Self-Determination Theory in Digital Games

2016-01-01
Uysal, Ahmet
Yıldırım, İrem Gökçe
Self-determination theory (SDT; Intrinsic motivation and self-determination in human behavior, New York, 1985; The oxford handbook of human motivation, New York, pp 85–107, 2012) is a broad motivational theory that has been developing for the last four decades. The theory makes the distinction between intrinsic and extrinsic motivation and identifies three basic psychological needs that are essential for well-being. When people are intrinsically motivated, they engage in an activity because the activity itself is interesting, enjoyable, and congruent with their selves. In contrast, when people are extrinsically motivated, they engage in an activity because the activity is instrumental in obtaining rewards or avoiding punishments. In this chapter, we will discuss digital games within a SDT framework, with a focus on how satisfaction of basic psychological needs in games can enhance user experience. We start with the behavioral psychology principles and the use of rewards in games that fuel extrinsic motivation. Next, we discuss intrinsic–extrinsic motivation and the three basic psychological needs—autonomy, competence, and relatedness—that facilitate intrinsic motivation and enhance player experience. Finally, we discuss some basic game features and their relation to basic needs.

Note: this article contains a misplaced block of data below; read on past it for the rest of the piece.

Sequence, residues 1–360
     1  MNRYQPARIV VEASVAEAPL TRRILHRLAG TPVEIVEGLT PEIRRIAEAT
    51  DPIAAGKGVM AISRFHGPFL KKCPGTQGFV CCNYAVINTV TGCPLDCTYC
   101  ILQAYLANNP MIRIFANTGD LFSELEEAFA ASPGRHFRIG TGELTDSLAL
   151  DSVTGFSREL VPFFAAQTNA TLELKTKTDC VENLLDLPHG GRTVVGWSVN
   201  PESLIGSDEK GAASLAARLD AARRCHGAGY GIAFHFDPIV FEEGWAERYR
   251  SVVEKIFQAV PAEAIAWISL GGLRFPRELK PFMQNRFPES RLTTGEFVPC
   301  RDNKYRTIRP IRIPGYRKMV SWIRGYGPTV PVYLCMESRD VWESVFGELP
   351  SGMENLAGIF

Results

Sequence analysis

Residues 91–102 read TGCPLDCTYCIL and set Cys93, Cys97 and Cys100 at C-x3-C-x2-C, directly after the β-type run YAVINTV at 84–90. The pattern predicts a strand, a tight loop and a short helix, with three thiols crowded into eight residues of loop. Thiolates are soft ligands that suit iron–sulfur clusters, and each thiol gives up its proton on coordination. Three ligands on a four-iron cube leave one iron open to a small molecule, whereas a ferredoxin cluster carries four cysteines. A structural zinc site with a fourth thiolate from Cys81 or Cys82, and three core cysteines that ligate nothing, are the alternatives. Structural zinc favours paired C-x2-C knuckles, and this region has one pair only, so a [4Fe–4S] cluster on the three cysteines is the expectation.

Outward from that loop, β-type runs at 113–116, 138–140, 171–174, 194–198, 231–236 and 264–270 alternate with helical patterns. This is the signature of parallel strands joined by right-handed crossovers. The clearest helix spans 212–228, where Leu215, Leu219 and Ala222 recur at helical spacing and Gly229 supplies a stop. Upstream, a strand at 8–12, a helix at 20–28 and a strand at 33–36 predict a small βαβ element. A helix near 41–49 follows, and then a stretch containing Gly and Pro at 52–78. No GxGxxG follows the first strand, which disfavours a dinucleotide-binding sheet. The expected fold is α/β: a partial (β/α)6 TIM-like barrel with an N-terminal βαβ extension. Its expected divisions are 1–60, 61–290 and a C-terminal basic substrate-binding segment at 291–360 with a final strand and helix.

Citation Formats
A. Uysal and İ. G. Yıldırım, Self-Determination Theory in Digital Games. 2016, p. 135.